Dr. Douglas Villaret on WCNC Charlotte Today discussing HPV and robotic surgery

CEENTA head and neck cancer surgeon Douglas Villaret, MD, appeared on WCNC's Charlotte Today on May 24, 2023 to discuss HPV, HPV-related oropharyngeal cancer. and treatment with robotic surgery. Learn more about this condition and schedule your next consultation with Dr. Villaret at our Pineville office by calling 704-295-3000.

Transcript of the Interview

Mia Atkins: This morning in our health spotlight, we're joined by Dr Douglas Villaret, head and neck cancer surgeon with CEENTA, talking about a virus that many may have heard of but may not realize how it can impact a person's health. Thank you so much for being here with us today.

Dr. Douglas Villaret: Absolutely, my pleasure.

Mia: Yeah, so what is HPV and its relation to throat cancer?

Dr. Villaret: So, HPV is a sexually transmitted virus that 80 to 90 percent of Americans have in their body. We've all been exposed to it. The numbers are somewhat astounding that at any one time 40 million Americans will be positive for HPV, and there's about 15 million per year that that get exposed and get the virus. The virus sits in the body for anywhere from ten to thirty years and can create cancer during that time. It can create cancers.

We first knew about it from cervical cancer in women, but we're also finding it in other locations such as in the tonsils or the oropharynx. And there it sets up in the tonsillar tissue, either the tongue base or in the tonsil itself, and like I said, ten to thirty years later it becomes a cancer that we need to deal with.

Mia: So, what are some of the symptoms related to HPV oropharyngeal cancer?

Dr. Villaret: When it gets big, you can feel a lump in your throat that never quite goes away every time you swallow. You can feel a lump more commonly. We notice a lump in the neck when it metastasizes from the tonsillar base of tongue into the neck. That's where we pick up most of these.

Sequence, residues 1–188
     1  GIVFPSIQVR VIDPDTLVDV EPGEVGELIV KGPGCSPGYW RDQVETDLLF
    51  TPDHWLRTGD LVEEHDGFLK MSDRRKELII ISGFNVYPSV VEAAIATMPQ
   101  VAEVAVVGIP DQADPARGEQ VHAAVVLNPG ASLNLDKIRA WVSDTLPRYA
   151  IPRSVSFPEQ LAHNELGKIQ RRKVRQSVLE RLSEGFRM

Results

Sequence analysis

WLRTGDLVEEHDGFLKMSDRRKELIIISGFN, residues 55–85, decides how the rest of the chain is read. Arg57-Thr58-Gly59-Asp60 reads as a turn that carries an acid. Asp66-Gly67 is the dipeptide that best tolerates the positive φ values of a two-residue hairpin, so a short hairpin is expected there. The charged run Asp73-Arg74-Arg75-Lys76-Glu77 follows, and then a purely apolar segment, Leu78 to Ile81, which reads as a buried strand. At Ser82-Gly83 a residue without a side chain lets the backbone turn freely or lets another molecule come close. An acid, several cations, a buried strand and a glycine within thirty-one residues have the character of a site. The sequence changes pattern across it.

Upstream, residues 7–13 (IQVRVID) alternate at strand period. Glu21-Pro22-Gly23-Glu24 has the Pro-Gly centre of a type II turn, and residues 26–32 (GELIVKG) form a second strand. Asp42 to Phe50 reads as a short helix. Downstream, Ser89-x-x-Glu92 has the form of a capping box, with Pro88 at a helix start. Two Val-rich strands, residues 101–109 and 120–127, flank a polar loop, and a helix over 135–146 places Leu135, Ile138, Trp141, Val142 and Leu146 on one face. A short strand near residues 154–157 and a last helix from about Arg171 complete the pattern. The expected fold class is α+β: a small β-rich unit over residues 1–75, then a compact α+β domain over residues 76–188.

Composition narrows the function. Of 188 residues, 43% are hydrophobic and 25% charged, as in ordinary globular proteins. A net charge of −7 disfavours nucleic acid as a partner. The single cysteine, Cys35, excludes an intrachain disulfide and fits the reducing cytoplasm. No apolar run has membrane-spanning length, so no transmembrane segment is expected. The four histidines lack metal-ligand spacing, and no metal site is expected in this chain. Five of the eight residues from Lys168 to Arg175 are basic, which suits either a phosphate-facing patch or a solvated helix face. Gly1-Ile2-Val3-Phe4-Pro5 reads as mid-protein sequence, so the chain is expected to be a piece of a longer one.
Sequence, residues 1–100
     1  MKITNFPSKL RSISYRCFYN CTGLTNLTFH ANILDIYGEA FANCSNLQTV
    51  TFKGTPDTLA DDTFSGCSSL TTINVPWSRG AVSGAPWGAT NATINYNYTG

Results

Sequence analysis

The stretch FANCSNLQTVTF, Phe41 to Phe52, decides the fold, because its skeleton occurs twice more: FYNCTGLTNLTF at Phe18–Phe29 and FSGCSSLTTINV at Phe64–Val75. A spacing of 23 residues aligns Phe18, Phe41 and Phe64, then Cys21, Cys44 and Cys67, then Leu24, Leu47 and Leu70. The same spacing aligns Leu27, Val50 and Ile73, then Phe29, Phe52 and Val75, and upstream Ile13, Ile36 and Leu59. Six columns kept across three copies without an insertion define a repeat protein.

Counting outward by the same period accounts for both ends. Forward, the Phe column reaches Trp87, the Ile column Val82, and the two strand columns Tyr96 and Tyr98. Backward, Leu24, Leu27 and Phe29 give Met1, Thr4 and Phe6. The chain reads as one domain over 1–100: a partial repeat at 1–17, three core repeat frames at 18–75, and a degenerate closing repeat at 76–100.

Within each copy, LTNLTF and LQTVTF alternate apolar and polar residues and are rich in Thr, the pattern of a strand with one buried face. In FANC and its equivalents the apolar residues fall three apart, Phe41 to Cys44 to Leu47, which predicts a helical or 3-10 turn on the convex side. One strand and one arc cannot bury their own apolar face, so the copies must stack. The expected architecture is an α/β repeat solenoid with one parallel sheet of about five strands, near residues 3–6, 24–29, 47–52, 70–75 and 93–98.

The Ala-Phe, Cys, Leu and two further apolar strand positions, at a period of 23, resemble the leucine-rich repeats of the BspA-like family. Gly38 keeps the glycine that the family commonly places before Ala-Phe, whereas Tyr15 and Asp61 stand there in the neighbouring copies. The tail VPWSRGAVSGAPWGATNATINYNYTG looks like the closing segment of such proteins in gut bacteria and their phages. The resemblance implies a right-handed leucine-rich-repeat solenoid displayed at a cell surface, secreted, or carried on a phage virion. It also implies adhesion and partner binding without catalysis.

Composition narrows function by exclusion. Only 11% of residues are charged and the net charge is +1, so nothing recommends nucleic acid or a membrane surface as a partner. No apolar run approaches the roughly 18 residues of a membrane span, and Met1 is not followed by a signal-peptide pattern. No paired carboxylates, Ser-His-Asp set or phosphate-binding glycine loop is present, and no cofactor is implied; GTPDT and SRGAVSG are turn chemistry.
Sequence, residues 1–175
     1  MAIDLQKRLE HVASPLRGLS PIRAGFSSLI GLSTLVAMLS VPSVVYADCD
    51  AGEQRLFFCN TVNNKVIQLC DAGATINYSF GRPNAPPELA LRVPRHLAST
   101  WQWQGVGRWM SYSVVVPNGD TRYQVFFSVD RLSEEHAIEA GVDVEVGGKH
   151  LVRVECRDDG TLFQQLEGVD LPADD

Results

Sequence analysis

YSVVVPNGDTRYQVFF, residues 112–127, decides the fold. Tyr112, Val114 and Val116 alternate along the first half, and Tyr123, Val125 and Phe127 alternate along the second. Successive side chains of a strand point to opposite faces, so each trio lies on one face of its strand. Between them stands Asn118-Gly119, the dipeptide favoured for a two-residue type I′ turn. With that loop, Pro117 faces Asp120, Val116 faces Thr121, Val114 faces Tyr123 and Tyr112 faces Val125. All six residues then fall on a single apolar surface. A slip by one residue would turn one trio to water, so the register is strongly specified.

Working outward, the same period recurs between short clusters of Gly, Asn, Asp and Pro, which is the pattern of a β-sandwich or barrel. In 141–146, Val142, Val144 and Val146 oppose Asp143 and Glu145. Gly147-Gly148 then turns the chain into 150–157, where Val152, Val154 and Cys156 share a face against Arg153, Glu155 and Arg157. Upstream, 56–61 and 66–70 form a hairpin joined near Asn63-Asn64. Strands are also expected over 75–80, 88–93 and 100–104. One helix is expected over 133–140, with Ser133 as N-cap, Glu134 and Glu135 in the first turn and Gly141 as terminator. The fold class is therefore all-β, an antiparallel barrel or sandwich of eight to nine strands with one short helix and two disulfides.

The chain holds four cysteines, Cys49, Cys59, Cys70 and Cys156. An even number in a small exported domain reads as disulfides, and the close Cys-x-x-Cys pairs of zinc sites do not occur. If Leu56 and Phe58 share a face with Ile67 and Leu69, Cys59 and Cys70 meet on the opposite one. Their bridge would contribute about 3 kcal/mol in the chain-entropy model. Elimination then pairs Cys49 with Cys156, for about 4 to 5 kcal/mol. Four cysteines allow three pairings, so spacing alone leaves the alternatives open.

Mia: Okay, and I see these robotic arm things that you've brought here with us.

Dr. Villaret: So robotic surgery is being used to treat this, right. There's two main treatments. One is chemotherapy with radiation, and that's good for larger cancers but when they're smaller cancers and we feel we get all the way around them, we like to bring the robot in, and we get into really tight nooks and crannies. And we use these arms positioned on the robot and it allows us to go through the mouth and work with dexterity that we just can't do with human hands. And we get further down, we can get complete resections of the cancer and the patients do, we think, a lot better by removing it with surgery when they're smaller than with blasting them with radiation.

Mia: And that's just so incredible that treatment has advanced to be able to do something like that. So who are the ideal candidates to get the treatment done by, you know, robotic surgery?

Dr. Villaret: Yeah, it's somebody who has a known cancer that's small enough for us to remove without creating trouble with swallowing. So, the bigger it gets, the more the tongue base we remove, the more the tonsil we remove. They might have swallowing issues that last for months and years sometimes, but if we can catch it when it's earlier, when it's smaller, then they are good candidates for robotic surgery.

Mia: Well, CEENTA is the stop to make if you're looking to get treatment for this, and CEENTA has many locations, but you're at the Pineville location I believe. So, tell me more about that location.

Dr. Villaret: Yeah, so we just moved about a year ago. We built a new office, it's near the Pineville Mall near the Home Depot down there. And we really like it because it's brand new, squeaky clean, and it's a good spot we think.

Mia: Well, thank you so much for sharing this information today, we appreciate it.

Dr. Villaret: Absolutely, thank you.


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